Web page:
It’s easy to spot most of the band’s influences (everyone was influenced by The Velvet Underground right?), so asking Santiago about The Bee Gees was a delight, to say the least.
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“The Bee Gees! I like the ‘60s Bee Gees. Very Melodic. Kind of like The Beach Boys and The Beatles, though in a lot of a more polished way because Bee Gees had such a sweet three-part harmony. Just beautiful, beautiful records,” the guitarist remembers. He continues on a roll, delving straight into talking about late 1970s new wave band, The Cars (yes, the band that had the hit ‘80s song, ‘Drive’).
“They’re from Boston and had that great first album (The Cars, 1978). I liked every element of that record. The riffs were simple and effective, and the lyrics were always ‘she’s my best friend’s girlfriend’ kind of stuff (laughs), but it’s reminiscent of what I started doing early on with my guitar.”
Santiago ponders for a moment, thinking about his influences and their effect on him early on. “I was mindful that you didn’t have to be a slick player. It taught me to kind of stay away but still be heard on the verses, to be mindful of the chord progression. Rather than muddling around out there, you know, being silly,” he reasons.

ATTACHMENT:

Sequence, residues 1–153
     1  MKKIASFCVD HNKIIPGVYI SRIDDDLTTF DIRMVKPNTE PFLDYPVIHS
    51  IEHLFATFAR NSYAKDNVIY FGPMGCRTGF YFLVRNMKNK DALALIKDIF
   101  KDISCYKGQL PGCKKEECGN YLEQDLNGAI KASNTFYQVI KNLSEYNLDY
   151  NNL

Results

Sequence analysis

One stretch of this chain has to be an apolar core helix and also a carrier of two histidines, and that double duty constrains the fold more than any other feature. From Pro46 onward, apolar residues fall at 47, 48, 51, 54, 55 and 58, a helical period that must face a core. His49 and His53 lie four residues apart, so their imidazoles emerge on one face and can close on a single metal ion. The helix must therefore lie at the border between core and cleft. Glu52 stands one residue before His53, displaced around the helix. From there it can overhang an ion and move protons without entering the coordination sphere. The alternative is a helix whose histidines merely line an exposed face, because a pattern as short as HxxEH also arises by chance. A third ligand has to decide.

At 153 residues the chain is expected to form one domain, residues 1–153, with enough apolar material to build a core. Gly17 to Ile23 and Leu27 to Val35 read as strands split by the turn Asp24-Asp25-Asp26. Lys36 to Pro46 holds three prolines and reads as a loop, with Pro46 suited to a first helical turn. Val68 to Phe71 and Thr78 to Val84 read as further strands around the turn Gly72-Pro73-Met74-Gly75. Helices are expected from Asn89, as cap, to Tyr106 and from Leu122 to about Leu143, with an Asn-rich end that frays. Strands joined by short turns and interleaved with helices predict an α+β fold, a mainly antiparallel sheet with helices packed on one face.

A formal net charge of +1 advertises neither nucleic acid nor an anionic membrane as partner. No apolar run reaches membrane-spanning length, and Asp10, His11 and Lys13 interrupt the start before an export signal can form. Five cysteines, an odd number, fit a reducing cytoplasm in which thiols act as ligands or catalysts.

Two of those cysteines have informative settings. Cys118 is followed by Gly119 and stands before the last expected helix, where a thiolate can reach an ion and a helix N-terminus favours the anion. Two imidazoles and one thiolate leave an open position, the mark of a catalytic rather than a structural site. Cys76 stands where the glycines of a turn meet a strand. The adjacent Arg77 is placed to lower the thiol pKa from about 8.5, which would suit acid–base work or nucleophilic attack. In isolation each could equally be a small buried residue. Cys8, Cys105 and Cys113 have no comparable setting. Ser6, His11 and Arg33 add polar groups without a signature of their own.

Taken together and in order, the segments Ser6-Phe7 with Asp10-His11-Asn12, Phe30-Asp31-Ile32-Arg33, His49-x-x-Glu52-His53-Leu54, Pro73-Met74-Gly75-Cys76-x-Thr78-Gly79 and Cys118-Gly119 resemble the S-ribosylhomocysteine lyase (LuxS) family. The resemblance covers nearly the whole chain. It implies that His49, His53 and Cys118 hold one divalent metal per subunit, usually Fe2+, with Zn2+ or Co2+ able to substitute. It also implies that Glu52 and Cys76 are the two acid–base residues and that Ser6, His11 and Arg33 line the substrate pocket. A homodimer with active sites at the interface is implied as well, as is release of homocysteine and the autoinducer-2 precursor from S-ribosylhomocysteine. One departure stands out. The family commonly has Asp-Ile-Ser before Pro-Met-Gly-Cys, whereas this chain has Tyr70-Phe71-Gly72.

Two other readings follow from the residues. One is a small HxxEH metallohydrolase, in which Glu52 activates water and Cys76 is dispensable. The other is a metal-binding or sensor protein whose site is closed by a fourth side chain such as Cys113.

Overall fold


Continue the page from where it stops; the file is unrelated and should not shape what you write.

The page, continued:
Thinking of recent groups that influence him, the Boston artist finds himself at a loss.
“It’s never really been any particular bands, more just rock n’ roll and whatever frontier it moves to, you know?” he explains, going on to describe that new fans to their genre will always bring new fans back to Pixies records instead of trying to find similar bands. Which, in the age of mixtapes, does make sense. The discovery still has to be genuine.
Santiago cites surf rock as the genre that his band had in common early on, with ‘60s instrumental group The Ventures still being an influence.“All I know is that we were influencing new bands, which was nice. Nirvana, obviously, but it’s always nice for bands to pick up instruments and interpret us in a different way”